Wednesday, November 15, 2006

Andrew Warhola – Andy Warhol

If the Artist can make you look at anything as if it were Art, then it to some degree

Andy Warhol's fascination with Hollywood, death and voyeurism. A screen print of Marilyn Monroe and portraits of Ethel Scull using an instant passport machine

How did Andy Warhol separate himself from others Pop Artists? Simply, he took the imagery of the everyday Americana and had it mass produced graphically as Art. His breakthrough was the ability to act and produce work by the suggestions of others, and his genius was his timing.

Warhol understood his weakness where his skill as a painter seemed mediocre, and he devised a technique of mechanically reproducing images so they were similar to the style he was attempting to emulate. And through the technique of silk-screening and photography, his craftsmanship as a graphic designer produced work that was clean, precise and new.

Blowjob and kiss - Avant-garde cinema, to make film seems as if it was a painting and Warhol slowed down the frames to show the detail of the very act.

What is fascinating about Warhol is that he created Art by the simple approach of photography and used it as a medium of painting incorporating popular icons that showed wealth, power, fame, death. Yet, no matter what the content, his paintings were alive and spoke of the moment. The 1962, the series of Campbell’s Soup Cans paintings were created by a suggestion of a friend, "Paint something anyone can recognize…like money or a can of soup." At the time, the paintings were purchased for one thousand US dollars and were later sold for fifteen million dollars to the Museum of Modern Art.

Many people underestimate the business of Art, and the value placed on it. Warhol's work had been determined by his Art dealer as an important investment, and he knew that avant-garde concepts would be profitable in the long run.
The PBS documentary suggest that Andy Warhol is one of the most influential artist after Pablo Picasso in the twentieth century because he was able to reinvent a way of producing art which had never been attempted. Warhol changed how people saw things, and placed the common everyday object into a work of Art.


It should be noted that Andy Warhol feed off the ideas of others and used it as his own. The conflicts which arose where perhaps a result of his inconsideration of not acknowledging his aid.

1 comment:

silverhairspray said...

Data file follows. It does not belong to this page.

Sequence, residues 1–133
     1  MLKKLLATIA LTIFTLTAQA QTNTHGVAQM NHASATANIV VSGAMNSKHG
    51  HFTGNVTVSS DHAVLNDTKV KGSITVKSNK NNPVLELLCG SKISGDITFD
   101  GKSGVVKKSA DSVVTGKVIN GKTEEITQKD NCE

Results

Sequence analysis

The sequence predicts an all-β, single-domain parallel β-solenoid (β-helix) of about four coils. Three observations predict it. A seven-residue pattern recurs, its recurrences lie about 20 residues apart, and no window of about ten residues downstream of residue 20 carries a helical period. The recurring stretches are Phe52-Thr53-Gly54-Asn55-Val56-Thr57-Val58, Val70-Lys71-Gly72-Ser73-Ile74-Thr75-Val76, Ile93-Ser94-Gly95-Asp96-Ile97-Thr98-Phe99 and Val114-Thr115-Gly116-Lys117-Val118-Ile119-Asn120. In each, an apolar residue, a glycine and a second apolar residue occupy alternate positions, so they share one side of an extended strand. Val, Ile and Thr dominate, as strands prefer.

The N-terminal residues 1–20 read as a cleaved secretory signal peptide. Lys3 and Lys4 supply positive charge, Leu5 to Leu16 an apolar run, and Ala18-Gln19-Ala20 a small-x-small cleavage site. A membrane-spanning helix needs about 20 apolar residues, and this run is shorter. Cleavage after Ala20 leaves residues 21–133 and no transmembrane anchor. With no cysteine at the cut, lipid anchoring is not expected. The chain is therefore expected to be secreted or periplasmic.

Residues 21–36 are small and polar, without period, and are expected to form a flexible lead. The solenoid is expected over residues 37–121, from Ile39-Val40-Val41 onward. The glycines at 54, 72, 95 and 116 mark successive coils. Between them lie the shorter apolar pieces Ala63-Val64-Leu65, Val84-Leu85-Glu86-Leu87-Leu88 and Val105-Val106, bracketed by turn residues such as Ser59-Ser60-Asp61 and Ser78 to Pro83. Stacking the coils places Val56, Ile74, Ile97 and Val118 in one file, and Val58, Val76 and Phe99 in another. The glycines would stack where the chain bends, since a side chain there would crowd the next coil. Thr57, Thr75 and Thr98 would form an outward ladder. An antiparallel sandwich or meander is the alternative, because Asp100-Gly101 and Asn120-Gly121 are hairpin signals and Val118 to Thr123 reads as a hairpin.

Wanted to share this post from talks about what is was like to be in a Warhol Film, revolution image, and the idea that "it must be real."

"It must be real"

Edie was a filmmaker, a collaborator and artist with other underground and experimental filmmakers at a time when making a non-Hollywood film was almost a revolutionary act. Like you she was young at a time when a wave of technological advancements­ new video camera, audio recorders and film cameras­ were putting power in the hands of the people to tell their own stories. This is a pursuit she believed in fiercely. She said often to fellow adventurers in her filmmaking pursuits, "It must be real, if it isn't real, there is no movie." On the eve of the release of a HIGHLY fictionalized Hollywood account of Edie's life, we hope you will join us in our Internet and video experiment of making real screen tests of real people. WE know you can tell the difference, as she would have wanted, between what is real and what is not.

-Melissa Painter

"I do love Alice in Wonderland though. That's something I think I could do very well. Don't you think we ought to do an A.W.? A.W.'s Alice in Wonderland? Andy Warhol's Alice in Wonderland? A.W. stands for a lot of things, I understand. It, uh, it would make a fantastic film. So I wanted somebody to write the script for it, in a modern sense. Think it would be the most marvelous movie in the world. If it could be done. Don't you think? Really I don't think they've done one since they did a Walt Disney one- which isn't really doing it. In a sense it is, but not in the way it really should be done. What's needed right now is a real scene. I mean not just cartoon characters but the actual character of people because there's so many fantastic people that you might as well use the people."

­-EDIE 1965

"To be an underground filmmakerŠ one felt that you were engaged in forbidden activity, which of course lead us to Andy and 47th St and the factory because Andy was hosting this whole feeling of rebellion in image where we could all participate in doing things that were ridiculous and absurd...and so to get a bunch of people who all feel that the sky's the limit to start being able to do crazy ridiculous image with Andy.

[John, what did it feel like to be in a movie that Warhol directed?] Well,it felt like you were talking your pants of. It was embarrassing. You wondered what were you doing? Why are you doing this? And yet at the same time you knewŠ You didn't know then, but to think about it now, I mean imagine you are there and there's a hundred million dollars worth of art lying around on the floor, and these people fooling around with cameras. Andy, and I'm there with him doing the same thing, and there's Edie, and we're all there doing this. And so on the one hand there's the rebellion, because you know you're not supposed to, and on the other hand you know that its really really important, and yet its just going to disappear. So that was a peculiar feeling."

-John Palmer


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